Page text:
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              Transcriptomic Analysis of Toxoplasma Development Reveals Many Novel Functions and Structures Specific to Sporozoites and Oocysts

              Sexual reproduction of Toxoplasma gondii occurs exclusively within enterocytes of the definitive felid host. The resulting immature oocysts are excreted into the environment during defecation, where in the days following, they undergo a complex developmental process. Within each oocyst, this culminates in the generation of two sporocysts, each containing 4 sporozoites. A single felid host is capable of shedding millions of oocysts, which can survive for years in the environment, are resistant to most methods of microbial inactivation during water-treatment and are capable of producing infection in warm-blooded hosts at doses as low as 1–10 ingested oocysts. Despite its extremely interesting developmental biology and crucial role in initiating an infection, almost nothing is known about the oocyst stage beyond morphological descriptions. Here, we present a complete transcriptomic analysis of the oocyst from beginning to end of its development. In addition, and to identify genes whose expression is unique to this developmental form, we compared the transcriptomes of developing oocysts with those of in vitro-derived tachyzoites and in vivo-derived bradyzoites. Our results reveal many genes whose expression is specifically up- or down-regulated in different developmental stages, including many genes that are likely critical to oocyst development, wall formation, resistance to environmental destruction and sporozoite infectivity. Of special note is the up-regulation of genes that appear “off” in tachyzoites and bradyzoites but that encode homologues of proteins known to serve key functions in those asexual stages, including a novel pairing of sporozoite-specific paralogues of AMA1 and RON2, two proteins that have recently been shown to form a crucial bridge during tachyzoite invasion of host cells. This work provides the first in-depth insight into the development and functioning of one of the most important but least studied stages in the Toxoplasma life cycle.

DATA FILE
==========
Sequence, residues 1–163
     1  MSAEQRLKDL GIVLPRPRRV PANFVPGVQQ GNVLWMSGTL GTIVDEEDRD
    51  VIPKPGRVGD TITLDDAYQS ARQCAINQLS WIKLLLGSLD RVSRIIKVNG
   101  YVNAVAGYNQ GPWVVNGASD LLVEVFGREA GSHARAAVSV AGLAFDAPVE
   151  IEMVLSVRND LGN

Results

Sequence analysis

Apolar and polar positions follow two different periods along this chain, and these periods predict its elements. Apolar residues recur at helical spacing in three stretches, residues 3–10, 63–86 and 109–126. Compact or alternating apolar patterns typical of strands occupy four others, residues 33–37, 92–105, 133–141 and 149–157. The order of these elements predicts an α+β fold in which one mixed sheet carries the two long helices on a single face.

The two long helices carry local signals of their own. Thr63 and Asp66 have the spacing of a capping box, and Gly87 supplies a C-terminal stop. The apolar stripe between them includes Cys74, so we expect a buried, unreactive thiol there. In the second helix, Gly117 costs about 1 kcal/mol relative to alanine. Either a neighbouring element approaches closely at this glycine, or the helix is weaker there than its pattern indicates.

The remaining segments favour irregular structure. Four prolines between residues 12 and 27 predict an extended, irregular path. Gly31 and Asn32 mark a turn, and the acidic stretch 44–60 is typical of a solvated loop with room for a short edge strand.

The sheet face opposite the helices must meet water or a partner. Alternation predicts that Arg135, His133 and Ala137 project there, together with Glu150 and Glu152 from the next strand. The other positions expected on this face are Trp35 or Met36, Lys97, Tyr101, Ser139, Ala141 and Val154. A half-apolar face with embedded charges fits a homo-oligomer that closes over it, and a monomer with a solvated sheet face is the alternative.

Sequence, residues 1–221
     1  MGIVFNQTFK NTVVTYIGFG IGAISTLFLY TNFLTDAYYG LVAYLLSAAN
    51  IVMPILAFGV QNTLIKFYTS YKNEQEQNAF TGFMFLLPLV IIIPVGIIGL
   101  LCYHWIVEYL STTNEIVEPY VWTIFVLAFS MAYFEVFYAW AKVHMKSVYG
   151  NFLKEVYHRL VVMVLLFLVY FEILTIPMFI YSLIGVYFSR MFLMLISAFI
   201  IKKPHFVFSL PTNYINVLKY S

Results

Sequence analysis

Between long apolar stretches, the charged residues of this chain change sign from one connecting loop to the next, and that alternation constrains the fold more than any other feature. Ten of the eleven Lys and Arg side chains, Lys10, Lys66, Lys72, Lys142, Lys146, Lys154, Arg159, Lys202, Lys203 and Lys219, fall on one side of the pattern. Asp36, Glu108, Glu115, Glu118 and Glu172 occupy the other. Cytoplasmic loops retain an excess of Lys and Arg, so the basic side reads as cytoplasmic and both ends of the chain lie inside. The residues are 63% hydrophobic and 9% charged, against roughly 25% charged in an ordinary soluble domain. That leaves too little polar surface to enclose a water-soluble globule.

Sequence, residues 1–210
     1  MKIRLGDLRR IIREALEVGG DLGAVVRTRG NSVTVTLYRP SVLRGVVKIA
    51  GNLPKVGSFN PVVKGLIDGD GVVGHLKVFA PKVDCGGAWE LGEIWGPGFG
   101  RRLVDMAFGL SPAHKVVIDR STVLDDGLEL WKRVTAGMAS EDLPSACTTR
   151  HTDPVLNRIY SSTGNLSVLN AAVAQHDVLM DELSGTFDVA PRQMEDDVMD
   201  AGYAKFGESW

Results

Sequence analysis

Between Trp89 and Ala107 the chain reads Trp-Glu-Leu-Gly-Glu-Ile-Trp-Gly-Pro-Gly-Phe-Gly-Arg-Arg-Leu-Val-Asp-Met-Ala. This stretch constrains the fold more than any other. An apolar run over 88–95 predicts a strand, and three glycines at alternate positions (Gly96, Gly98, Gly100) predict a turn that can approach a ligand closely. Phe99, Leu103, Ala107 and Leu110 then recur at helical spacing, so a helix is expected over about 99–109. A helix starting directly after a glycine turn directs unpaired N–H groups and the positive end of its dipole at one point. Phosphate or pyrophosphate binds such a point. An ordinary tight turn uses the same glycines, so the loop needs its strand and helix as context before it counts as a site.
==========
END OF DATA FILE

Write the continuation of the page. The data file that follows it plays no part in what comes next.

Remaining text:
Author and article information

                Vet World
                Vet World
                Veterinary World
                Veterinary World (India )
                July 2022
                25 July 2022
                : 15
                : 7
                : 1779-1784
                [1 ]Faculty of Veterinary Medicine, Khon Kaen University, Khon Kaen 40002, Thailand
                [2 ]Division of Medicine, Faculty of Veterinary Medicine, Khon Kaen University 40002, Thailand
                [3 ]Division of Surgery, Faculty of Veterinary Medicine, Khon Kaen University 40002, Thailand
                [4 ]Veterinary Teaching Hospital, Faculty of Veterinary Medicine, Khon Kaen University, Khon Kaen 40002, Thailand
                [5 ]Division of Theriogenology, Faculty of Veterinary Medicine, Khon Kaen University 40002, Thailand
                Author notes
                Copyright: © Lakhamsen, et al.

                Open Access. This article is distributed under the terms of the Creative Commons Attribution 4.0 International License ( http://creativecommons.org/licenses/by/4.0/), which permits unrestricted use, distribution, and reproduction in any medium, provided you give appropriate credit to the original author(s) and the source, provide a link to the Creative Commons license, and indicate if changes were made. The Creative Commons Public Domain Dedication waiver ( http://creativecommons.org/publicdomain/zero/1.0/) applies to the data made available in this article, unless otherwise stated.

                : 28 February 2022
                : 07 June 2022
                Research Article

                adopted stray cat,feline,khon kaen,toxoplasmosis,zoonoses
                adopted stray cat, feline, khon kaen, toxoplasmosis, zoonoses